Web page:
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The pork butcher's art in Italy

The pork butcher's art in Italy

The pork butcher’s art is a centuries old tradition in Italy, based on accurate selection of the best raw materials, adoption of traditional methods of production and protection of know hows and customs handed down through generations.

These are the fundamental elements allowing to produce cold cuts masterpieces becoming the main characters of many countryside festivals, food tasting events, teaching labs and cooking classes.


Today we want to celebrate Italian cold cuts’ artisanal way of production. That’s why we will start a journey from Lombardy  to Tuscany, making a stop in Emilia Romagna to talk about protected designations of origins.


Agricola dell'Adda Farm

Combining time-honored tradition with technology Dell’Adda Farm’s production range includes the main traditional cold cuts of the Brianzolo territory, such as the Lardo della Brianza Bacon Fat.

Dell’Adda farm’s pigs are outdoor reared in the Brianza hills in Lombardy, at the foot of Mount Resegone, in a landscape where mountains and fields recalls the country life of the peasant grandparents.
This area is famous for the excellence of the pork meat from which unique cold cuts are produced and consumed around the world.




Brianza bacon fat is the result of a masterly by-hand process which allows the even distribution of salt and spices that confer the natural and inimitable sweetness to the product.


PDO Coppa Piacentina

Let’s make a stop in Emilia Romagna, in the Piacenza province, where PDO Coppa Piacentina is produced.
Coppa Piacentina is cured shoulder butt with protected designation of origin, whose production technique dates back to the roman empire.

The PDO production protocol regulates every step of the production process in such a way to ensure a constant quality and distinctive features to this cold cut masterpiece. Made from first choice pork shoulder, Coppa Piacentina production process begin from pigs rearing within Emilia Romagna and Lombardy regions.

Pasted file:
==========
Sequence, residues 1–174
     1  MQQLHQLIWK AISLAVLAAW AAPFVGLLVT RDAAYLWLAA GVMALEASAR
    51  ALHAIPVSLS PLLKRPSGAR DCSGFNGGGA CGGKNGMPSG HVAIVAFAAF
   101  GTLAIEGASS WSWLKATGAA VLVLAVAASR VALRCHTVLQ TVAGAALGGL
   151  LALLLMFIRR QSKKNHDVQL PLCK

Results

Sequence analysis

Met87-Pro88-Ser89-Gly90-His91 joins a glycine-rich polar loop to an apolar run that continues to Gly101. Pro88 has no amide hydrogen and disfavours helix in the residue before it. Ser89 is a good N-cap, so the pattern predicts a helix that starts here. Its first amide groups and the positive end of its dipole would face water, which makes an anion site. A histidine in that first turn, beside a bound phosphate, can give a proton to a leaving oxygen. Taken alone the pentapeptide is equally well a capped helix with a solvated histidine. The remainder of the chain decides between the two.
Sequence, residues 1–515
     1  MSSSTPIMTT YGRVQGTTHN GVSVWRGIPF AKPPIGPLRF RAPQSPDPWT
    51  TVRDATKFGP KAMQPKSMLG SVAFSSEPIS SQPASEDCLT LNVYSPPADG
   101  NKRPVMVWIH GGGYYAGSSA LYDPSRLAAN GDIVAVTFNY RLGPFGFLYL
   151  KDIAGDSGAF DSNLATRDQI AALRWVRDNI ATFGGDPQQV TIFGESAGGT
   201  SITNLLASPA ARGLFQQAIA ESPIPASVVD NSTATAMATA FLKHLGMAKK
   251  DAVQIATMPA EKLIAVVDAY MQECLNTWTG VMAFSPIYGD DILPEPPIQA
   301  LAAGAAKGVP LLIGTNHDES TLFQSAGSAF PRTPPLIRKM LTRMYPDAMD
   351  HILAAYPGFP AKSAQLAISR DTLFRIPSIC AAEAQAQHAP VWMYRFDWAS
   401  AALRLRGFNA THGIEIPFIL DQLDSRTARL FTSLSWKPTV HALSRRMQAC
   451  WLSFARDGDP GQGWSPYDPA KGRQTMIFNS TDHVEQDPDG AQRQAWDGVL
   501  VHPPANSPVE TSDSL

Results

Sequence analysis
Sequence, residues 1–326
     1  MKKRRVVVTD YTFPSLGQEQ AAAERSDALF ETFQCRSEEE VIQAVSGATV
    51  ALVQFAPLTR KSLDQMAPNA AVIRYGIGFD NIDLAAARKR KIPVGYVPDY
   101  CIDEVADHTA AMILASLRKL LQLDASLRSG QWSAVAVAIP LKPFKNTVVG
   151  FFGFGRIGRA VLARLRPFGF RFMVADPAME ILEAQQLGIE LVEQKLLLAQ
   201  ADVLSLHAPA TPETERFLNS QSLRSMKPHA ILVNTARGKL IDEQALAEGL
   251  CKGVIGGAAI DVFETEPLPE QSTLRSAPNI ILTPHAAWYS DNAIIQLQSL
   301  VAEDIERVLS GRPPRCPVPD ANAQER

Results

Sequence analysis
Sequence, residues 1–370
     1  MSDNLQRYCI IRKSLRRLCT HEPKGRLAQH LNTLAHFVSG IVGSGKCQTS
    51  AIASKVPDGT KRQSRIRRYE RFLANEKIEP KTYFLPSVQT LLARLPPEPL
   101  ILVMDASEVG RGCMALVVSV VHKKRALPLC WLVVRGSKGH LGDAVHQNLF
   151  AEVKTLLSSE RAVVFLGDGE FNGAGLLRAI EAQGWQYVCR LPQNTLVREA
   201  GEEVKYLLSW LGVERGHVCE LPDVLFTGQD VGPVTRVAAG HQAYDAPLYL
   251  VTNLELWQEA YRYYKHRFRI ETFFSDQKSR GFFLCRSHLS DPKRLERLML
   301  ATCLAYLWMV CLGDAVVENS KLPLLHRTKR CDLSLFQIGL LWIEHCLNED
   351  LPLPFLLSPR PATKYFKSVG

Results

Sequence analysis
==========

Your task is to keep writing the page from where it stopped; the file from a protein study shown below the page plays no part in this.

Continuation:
As the production protocol requires, It is processed in the Piacenza province, where it’s cleverly salted and balanced in flavour with spices, striving to keep the right sweetness the product should have.




PDO Coppa Piacentina is then dry-cured for at least six months. In the first 7 days it is stored on a ventilated ripening room under controlled temperatures between 15°C and 25°C with 40-90% umidity rate, then the temperature is reduced and the umidity rate raised.


PGI Finocchiona

We finally end our journey in the homeland of PGI Finocchiona, Tuscan Salami and Tuscan boneless ham Pepatello, Tuscany.

PGI Finocchiona is a variation of salami made of finely ground pork and fat, that owes its uniqueness in one ingredient: fennel seeds, whose amount with respect to the weight of the salami is exactly specified on the production protocol.

The recognition of a protected geographical indication is the quality trademark that above all guarantees to all actors in the supply chain, from the pork breeder, to the processor, to the final consumer, that the product is compliant with the standards.





Tuscan salami is a large sausage seasoned with salt and black pepper and stuffed into the pig's large intestine. Its ancient method of production seems to be remained the same over centuries.
Tuscan salami is an amazing treat, especially on a slice of flatbread. Alternatively, it also combines well with legumes balancing its intense taste.

Last but not least, the noble Tuscan ham, called Pepatello because of the presence of black pepper on its surface. With its intense and involving taste, Pepatello is the king of Tuscan cold cuts, expressing at best the linkage with the territory in which it is produced.
Usually very appreciated by the foodies!

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